The Salmon Weir Bridge

The original purpose of the structure that is the Salmon Weir Bridge was to connect the new County Courthouse with the County Gaol on Nuns Island. Urban folklore has it that they built a tunnel under the river at the time in order to transfer prisoners from one building to the other, but why would they construct a crossing over and under the water at the same time? It does not make sense. The building of the seven span bridge started in 1818 and finished in 1819.

The weir just above the bridge was built at the same time. It was in the form of a small dam which backed up the water from Lough Corrib and it used to generate power for about a dozen Galway mills.

Years ago, roughly between April and July, one could peer over the bridge into the fast-moving water and watch the salmon fight their way upstream to their traditional spawning grounds. This remarkable sight became a major tourist attraction in the city.

As Burton Stevenson wrote in The Charm of Ireland in 1915: “We walked out on to the bridge to see if there were any real fish in the stream. The bridge has a high parapet, worn glassy-smooth by the coat sleeves of countless lookers on, and there are convenient places to rest the feet, so we leaned over and looked down. The water was quite clear and we could see the stones on the bottom plainly – but no fish.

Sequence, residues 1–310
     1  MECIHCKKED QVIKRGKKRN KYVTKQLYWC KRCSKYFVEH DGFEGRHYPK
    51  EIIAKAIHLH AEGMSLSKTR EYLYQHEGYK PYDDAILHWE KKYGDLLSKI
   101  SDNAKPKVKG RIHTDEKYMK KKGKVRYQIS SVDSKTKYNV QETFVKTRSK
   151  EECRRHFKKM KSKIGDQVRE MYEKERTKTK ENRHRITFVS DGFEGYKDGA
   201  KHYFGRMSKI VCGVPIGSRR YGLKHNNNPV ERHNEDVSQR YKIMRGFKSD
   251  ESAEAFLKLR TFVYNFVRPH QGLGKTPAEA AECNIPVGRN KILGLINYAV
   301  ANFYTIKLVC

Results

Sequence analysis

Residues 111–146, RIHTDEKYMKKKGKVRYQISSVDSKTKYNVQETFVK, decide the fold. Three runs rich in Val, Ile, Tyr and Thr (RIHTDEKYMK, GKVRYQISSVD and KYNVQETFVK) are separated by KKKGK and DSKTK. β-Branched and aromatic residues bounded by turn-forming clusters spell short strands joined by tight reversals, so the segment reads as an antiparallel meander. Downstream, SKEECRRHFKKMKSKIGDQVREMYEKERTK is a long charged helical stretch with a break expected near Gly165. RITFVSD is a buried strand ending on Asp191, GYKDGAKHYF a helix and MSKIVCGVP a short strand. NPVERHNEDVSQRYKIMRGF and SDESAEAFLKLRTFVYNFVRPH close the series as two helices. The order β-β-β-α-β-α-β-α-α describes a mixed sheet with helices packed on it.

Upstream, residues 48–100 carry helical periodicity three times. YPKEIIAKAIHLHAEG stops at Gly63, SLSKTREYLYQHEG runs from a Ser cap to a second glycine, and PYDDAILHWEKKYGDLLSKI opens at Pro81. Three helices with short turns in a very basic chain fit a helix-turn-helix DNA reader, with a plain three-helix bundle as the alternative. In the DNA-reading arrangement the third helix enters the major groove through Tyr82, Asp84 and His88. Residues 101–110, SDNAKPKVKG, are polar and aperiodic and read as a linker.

“‘Look, there’s one,’ said a voice at my elbow, and following the pointing finger, I saw a great salmon, his greenish back almost the colour of the water, poised in the stream, swaying slowly from side to side, exerting himself just enough to hold his place against the current. Then, the finger pointed to another and another and we saw that the river was alive with fish.”

Our photograph today was taken in 1898 and shows two visitors from County Roscommon, Johnny Talbot and Alex Eustace, looking over the bridge.

Sadly, the major dredging of the river in the late fifties and early sixties put an end to that wonderful sight of hundreds of salmon going upriver.

In 1977, it was reported that the bridge at the time handled more than 1,200 vehicles an hour and that the corporation was awaiting a special study on traffic and transport which had been due the previous year. Plans for the addition of a pedestrian walkway to be connected to the bridge are now at the design stage, and hopefully, it will be in operation in 2021.

Our thanks to Emily Eustace for this photograph, and to Paul Connolly for his help.


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